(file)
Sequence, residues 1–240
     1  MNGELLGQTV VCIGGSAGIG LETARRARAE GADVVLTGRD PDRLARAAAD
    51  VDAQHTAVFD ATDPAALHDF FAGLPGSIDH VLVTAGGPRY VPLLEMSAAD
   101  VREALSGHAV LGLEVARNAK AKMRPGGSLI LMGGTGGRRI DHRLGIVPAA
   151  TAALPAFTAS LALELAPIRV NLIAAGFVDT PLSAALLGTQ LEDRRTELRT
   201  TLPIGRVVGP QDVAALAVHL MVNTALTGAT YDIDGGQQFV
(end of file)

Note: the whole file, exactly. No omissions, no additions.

Sequence, residues 1–240
     1  MNGELLGQTV VCIGGSAGIG LETARRARAE GADVVLTGRD PDRLARAAAD
    51  VDAQHTAVFD ATDPAALHDF FAGLPGSIDH VLVTAGGPRY VPLLEMSAAD
   101  VREALSGHAV LGLEVARNAK AKMRPGGSLI LMGGTGGRRI DHRLGIVPAA
   151  TAALPAFTAS LALELAPIRV NLIAAGFVDT PLSAALLGTQ LEDRRTELRT
   201  TLPIGRVVGP QDVAALAVHL MVNTALTGAT YDIDGGQQFV